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Bennett urges Blinken to end Iran talks over 'nuclear blackmail'

Israeli Prime Minister Naftali Bennett called for an "immediate cessation of negotiations" in Vienna.
US Secretary of State Antony Blinken (R) meets with Israeli Prime Minister Naftali Bennett at the Willard Hotel in Washington, DC, on Aug. 25, 2021.

Israeli Prime Minister Naftali Bennett urged the United States on Thursday to immediately call off the seventh round of indirect negotiations with Iran over its nuclear program.

In a phone call with US Secretary of State Antony Blinken, Bennett said there must be an “immediate cessation of negotiations” in response to Iran’s use of “nuclear blackmail” as a negotiation tactic, the prime minister’s office said in a statement.  

Bennet also referenced the recent International Atomic Energy Agency report that said Iran has streamlined the process of enriching uranium up to 20% purity using advanced machinery at its Fordow underground facility near the city of Qom, in a major violation of the multilateral accord. 

His call with Blinken comes ahead of Israeli Defense Minister Benny Gantz’ planned visit next week to Washington, where he is scheduled to meet with his US counterpart, Defense Secretary Lloyd Austin. In an interview with Ynet Thursday, Gantz said he believes the Biden administration will prevent Iran from obtaining nuclear weapons, but that an attack on Iran "is an option.” 

Iran and world powers resumed talks in the Austrian capital of Vienna on Monday aimed at reviving the landmark 2015 nuclear deal, officially known as the Joint Comprehensive Plan of Action (JCPOA), which set restrictions on Iran’s nuclear program in exchange for sanctions relief. The talks had been on hold for five months following the election of Iran’s new hard-liner President Ebrahim Raisi in June.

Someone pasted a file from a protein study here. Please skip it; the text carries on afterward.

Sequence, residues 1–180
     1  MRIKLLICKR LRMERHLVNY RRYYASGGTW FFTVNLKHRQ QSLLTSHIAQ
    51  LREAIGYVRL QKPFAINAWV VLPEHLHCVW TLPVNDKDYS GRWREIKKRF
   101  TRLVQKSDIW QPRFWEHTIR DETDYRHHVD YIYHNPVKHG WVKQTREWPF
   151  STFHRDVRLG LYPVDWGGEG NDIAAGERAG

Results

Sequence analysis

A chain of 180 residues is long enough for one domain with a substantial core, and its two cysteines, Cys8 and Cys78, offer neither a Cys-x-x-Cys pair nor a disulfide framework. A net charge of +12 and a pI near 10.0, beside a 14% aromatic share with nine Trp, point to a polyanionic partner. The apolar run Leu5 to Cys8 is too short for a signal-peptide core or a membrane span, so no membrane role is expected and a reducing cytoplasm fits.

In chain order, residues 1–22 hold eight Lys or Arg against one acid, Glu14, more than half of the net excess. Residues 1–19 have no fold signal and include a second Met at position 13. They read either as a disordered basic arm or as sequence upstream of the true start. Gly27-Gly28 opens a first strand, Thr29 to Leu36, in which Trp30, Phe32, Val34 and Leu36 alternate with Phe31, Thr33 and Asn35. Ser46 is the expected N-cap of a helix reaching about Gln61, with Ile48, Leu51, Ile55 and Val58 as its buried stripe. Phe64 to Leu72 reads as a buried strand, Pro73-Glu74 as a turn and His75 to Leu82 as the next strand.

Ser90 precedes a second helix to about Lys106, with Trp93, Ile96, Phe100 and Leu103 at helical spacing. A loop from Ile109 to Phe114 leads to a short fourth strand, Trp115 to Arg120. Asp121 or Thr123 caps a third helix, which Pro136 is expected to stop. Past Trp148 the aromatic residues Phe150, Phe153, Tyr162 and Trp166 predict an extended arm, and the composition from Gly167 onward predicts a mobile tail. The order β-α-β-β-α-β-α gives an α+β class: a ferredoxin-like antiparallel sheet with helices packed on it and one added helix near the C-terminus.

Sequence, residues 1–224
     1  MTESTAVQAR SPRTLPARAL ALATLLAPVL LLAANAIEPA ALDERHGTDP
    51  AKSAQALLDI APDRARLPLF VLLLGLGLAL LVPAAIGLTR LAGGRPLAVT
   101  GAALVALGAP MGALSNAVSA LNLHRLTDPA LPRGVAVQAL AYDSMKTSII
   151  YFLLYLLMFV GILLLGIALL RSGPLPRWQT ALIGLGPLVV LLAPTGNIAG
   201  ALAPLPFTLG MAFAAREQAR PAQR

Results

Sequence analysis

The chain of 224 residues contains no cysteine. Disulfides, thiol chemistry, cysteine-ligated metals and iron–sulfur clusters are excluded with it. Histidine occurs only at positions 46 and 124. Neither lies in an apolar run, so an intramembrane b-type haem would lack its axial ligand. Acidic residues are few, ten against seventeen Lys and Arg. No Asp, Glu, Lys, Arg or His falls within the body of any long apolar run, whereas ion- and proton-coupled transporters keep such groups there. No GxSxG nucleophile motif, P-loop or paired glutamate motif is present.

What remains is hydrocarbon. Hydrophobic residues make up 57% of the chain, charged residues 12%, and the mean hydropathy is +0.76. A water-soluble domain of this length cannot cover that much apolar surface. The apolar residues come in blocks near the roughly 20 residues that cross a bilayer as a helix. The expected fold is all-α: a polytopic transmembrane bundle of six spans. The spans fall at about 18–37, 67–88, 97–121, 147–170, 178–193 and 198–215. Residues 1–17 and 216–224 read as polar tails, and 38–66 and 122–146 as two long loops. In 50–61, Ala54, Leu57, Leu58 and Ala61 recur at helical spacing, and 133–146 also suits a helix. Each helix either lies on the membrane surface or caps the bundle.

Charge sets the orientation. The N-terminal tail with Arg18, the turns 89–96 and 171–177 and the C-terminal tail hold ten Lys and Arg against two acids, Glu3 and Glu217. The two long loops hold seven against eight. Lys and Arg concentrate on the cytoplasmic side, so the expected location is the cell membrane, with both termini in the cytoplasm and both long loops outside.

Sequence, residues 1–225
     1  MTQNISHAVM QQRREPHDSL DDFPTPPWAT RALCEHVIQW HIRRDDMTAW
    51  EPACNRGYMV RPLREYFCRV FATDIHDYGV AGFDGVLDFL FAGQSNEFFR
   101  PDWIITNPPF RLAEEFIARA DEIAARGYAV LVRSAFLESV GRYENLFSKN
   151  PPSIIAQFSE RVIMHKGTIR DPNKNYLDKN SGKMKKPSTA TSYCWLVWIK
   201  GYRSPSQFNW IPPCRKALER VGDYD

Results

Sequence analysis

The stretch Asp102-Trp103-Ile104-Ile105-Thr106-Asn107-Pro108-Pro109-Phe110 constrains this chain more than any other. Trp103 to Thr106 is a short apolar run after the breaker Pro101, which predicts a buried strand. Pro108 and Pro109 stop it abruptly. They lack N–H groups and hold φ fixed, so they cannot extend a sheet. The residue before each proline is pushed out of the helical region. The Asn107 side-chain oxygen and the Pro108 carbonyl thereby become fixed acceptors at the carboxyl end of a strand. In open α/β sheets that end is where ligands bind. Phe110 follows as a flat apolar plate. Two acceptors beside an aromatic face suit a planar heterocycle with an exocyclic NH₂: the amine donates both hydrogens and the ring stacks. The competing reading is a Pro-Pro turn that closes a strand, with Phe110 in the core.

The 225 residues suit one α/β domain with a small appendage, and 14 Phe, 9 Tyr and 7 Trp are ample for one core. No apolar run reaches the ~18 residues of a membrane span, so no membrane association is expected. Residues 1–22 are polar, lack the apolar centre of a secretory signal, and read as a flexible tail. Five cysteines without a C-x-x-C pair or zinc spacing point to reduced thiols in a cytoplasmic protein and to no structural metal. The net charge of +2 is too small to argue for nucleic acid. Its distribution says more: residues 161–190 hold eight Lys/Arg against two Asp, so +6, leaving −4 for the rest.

The Biden administration has sought to re-enter the JCPOA, which President Donald Trump unilaterally exited in 2018, if Tehran resumes compliance under the deal. But Iran has said it will only do so if the United States makes the first move and lifts all sanctions. 

Tehran has also demanded that any future deal contain guarantees that Washington won't renege on the deal as Trump did three years after President Barack Obama sealed the agreement in 2015.  

Iranian Foreign Minister Hossein Amir-Abdollahian said Thursday the talks were “proceeding with seriousness” and that the lifting of sanctions was a “fundamental priority.” 

Iran has handed European diplomats two draft documents outlining sanctions withdrawal and nuclear obligations, in what Iran’s top nuclear negotiator Ali Bagheri Kani described as “a demonstration of our seriousness.” 

“If they are ready to continue the talks, we are in Vienna to continue the talks," he told reporters, according to Reuters.